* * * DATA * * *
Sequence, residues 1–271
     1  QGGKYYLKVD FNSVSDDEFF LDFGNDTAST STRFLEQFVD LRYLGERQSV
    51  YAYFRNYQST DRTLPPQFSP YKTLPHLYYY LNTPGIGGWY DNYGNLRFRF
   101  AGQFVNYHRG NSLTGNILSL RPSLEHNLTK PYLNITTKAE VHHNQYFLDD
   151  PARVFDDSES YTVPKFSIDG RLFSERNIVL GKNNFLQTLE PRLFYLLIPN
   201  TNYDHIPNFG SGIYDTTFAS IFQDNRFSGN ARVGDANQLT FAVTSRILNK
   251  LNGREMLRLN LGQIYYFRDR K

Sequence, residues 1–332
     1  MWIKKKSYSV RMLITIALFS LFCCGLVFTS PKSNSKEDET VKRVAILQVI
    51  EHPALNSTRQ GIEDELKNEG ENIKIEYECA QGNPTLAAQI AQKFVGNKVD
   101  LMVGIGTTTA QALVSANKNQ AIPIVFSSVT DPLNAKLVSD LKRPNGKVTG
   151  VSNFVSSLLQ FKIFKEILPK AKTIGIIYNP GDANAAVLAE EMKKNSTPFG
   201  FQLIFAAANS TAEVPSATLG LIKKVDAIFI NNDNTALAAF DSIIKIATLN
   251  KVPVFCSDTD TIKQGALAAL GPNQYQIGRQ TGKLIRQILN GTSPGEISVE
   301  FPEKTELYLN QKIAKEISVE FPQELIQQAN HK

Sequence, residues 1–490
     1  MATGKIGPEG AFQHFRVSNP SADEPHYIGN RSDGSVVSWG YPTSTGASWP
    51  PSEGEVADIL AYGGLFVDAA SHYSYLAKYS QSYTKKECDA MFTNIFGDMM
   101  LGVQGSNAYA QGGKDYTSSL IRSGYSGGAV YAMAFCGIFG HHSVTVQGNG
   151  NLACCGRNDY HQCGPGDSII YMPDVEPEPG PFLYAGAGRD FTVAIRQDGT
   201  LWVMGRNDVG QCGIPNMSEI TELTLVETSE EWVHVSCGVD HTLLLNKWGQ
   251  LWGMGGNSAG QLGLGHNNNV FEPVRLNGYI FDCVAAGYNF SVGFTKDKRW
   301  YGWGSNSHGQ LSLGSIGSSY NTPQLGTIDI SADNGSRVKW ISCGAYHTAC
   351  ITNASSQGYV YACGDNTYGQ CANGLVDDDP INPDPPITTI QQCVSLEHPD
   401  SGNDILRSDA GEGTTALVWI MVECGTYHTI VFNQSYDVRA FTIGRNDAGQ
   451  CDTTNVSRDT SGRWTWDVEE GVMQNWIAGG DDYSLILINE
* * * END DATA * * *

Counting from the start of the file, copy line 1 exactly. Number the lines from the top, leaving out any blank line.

Sequence, residues 1–271